If you called Donald Trump a Nazi, he’d probably take offense, even though his nationalism is socialistic. If you called Bernie Sanders a Nazi, you’d be dismissed out of hand, though his socialism is avowedly nationalistic. But did you know that Adolf Hitler himself took offense when the word was applied to him and his political party?
“He would have considered himself a National Socialist,” writes word nerd Mark Forsyth in The Etymologicon.
Hitler himself took offense when the word “Nazi” was applied to him and his political party.
Sure, but as Steve Horwitz reminds us in “Why the Candidates Keep Giving Us Reasons to Use the ‘F’ Word” (Freeman, winter 2015), “Nazi is short for National Socialist German Workers Party [Nationalsozialistische Deutsche Arbeiterpartei].” So why would even Hitler be offended by the epithet?
Because “Nazi is, and always has been, an insult,” according to Forsyth.
Hitler’s “opponents realised that you could shorten Nationalsozialistische to Nazi. Why would they do this? Because Nazi was already an (utterly unrelated) term of abuse. It had been for years.”
The standard butt of German jokes at the beginning of the twentieth century were stupid Bavarian peasants. And just as Irish jokes always involve a man called Paddy, so Bavarian jokes always involved a peasant called Nazi. That’s because Nazi was a shortening of the very common Bavarian name Ignatius. This meant that Hitler’s opponents had an open goal. He had a party filled with Bavarian hicks and the name of that party could be shortened to the standard joke name for hicks.
Something similar has been happening in the Middle East, with opponents of the self-described Islamic State deciding that the group should be called instead Daesh.
Sarah Skwire explains:
ISIS does not want to be called Daesh. The group considers the acronym insulting and dismissive. An increasing number of its opponents do not want it to be called the “Islamic State.” They fear that this shorthand reifies the terrorist group’s claims to be a legitimate government. (“The Islamic State by Any Other Name,” December 8, 2015)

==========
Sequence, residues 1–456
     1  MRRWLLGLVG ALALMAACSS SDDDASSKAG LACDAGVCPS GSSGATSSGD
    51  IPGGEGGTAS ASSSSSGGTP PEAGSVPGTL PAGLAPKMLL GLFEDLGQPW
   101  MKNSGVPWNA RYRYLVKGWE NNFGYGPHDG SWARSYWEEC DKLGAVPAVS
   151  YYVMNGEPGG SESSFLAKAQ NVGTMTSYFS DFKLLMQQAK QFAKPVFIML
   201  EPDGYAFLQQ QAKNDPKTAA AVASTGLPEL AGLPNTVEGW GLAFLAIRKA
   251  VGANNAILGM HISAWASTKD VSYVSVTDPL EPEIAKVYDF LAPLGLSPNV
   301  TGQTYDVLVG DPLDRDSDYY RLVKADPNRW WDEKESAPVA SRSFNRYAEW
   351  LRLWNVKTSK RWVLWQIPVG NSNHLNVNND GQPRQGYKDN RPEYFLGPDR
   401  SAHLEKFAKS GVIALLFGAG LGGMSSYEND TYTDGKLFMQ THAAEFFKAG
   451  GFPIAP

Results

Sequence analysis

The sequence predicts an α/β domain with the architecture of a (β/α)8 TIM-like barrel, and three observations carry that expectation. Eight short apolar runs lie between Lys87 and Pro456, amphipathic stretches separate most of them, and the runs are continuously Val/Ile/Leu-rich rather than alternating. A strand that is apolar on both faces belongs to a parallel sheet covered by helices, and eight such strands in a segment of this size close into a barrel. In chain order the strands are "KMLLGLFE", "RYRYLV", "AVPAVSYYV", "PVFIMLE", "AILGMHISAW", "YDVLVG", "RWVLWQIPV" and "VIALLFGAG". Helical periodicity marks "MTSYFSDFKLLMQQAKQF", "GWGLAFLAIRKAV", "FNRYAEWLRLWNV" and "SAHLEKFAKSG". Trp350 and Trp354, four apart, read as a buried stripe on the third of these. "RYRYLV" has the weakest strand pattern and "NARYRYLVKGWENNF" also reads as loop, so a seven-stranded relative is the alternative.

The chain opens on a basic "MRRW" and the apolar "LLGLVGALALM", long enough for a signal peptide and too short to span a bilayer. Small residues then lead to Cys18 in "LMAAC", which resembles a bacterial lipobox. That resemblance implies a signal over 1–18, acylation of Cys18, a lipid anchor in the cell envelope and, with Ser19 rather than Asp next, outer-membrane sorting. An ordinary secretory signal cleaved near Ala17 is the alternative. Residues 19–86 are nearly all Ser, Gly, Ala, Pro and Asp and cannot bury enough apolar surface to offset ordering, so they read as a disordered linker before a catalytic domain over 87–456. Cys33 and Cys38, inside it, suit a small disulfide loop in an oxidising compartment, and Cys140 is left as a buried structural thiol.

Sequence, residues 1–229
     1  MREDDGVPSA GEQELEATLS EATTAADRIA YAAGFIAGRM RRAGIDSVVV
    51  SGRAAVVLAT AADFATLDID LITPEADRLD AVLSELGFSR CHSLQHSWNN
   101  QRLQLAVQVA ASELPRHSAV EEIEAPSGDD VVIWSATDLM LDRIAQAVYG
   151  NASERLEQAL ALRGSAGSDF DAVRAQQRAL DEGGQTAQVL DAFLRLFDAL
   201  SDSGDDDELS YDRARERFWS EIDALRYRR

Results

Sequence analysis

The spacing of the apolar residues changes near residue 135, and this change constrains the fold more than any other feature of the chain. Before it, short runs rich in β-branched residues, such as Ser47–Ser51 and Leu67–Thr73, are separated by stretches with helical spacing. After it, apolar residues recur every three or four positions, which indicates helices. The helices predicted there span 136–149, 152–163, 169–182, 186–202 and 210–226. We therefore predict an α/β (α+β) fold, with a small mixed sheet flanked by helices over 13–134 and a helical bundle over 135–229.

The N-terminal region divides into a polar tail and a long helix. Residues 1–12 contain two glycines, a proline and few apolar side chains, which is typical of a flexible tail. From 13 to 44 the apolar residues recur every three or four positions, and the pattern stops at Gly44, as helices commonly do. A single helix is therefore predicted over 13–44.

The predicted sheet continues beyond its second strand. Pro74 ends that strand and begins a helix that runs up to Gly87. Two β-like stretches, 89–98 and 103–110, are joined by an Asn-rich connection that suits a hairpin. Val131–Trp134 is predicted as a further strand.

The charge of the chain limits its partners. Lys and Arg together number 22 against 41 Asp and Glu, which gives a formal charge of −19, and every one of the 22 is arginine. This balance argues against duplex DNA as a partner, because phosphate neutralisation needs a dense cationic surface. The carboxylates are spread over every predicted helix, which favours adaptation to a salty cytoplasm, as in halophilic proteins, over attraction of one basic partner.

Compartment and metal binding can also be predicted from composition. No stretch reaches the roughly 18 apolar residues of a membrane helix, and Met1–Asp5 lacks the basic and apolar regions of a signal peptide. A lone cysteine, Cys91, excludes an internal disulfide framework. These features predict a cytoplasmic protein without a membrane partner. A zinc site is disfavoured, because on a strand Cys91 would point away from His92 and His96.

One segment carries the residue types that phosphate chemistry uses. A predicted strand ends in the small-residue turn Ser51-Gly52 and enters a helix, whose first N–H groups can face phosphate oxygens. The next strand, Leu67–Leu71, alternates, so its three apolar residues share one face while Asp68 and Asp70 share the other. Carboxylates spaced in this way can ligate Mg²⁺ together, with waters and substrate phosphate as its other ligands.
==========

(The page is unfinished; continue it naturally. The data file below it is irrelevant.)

Totalitarians and terrorists shouldn’t get to bully us into using the terminology they prefer, especially when their preferred terms smuggle semantic baggage past our defenses, but neither should we reflexively refuse to apply accurately descriptive names just because it’s what the bad guys say they want.
Totalitarians and terrorists shouldn’t get to bully us into using the terminology they prefer.
Whether you consider “Islamic State” to be an appropriate moniker hinges on how you feel about both the nature of Islam and the nature of the state.
But how appropriate was Hitler’s preferred appellation? No one denies that nationalism was central to his ideology, but whether or not he deserved to call himself a socialist depends on how you feel about individual liberty, private property, central planning, and state ownership of industry. It also depends on how much you want the word socialism to carry a connotation of internationalism and social liberalism.
Horwitz writes, “The Nazis were undoubtedly socialist … as even a quick glance at their 1920 platform will tell you.” And those of us who associate private property with public welfare will tend to agree. But ours was not the dominant perspective in the countries that received National Socialism’s exiles.
As Forsyth tells it,
Refugees started turning up elsewhere complaining about the Nazis, and non-Germans of course assumed that this was the official name of the party.… To this day, most of us happily go about believing that the Nazis called themselves Nazis, when, in fact, they would probably have beaten you up for saying the word.
I suspect, however, that the confusion Forsyth describes was less innocent than his story implies. Those who fled east to get out of Germany would have found themselves under the authority of self-described socialists of the Soviet variety. Those who fled west landed among social democrats who, whether or not they were comfortable with the term “democratic socialism,” certainly didn’t want to give weight to the growing association between socialism and totalitarianism.
In the United States, the S-word was never as popular with the general public as it was in Europe, but many in the American intelligentsia did and still do seek to defang socialism in the popular imagination. The more we use the old Bavarian insult as if it were the National Socialists’ name for themselves, the more we cooperate with that agenda.
But you don’t have to oppose socialism to call the German fascists by their party’s proper name. You need only prefer historical accuracy and semantic precision to linguistic confusion — or politically motivated obfuscation.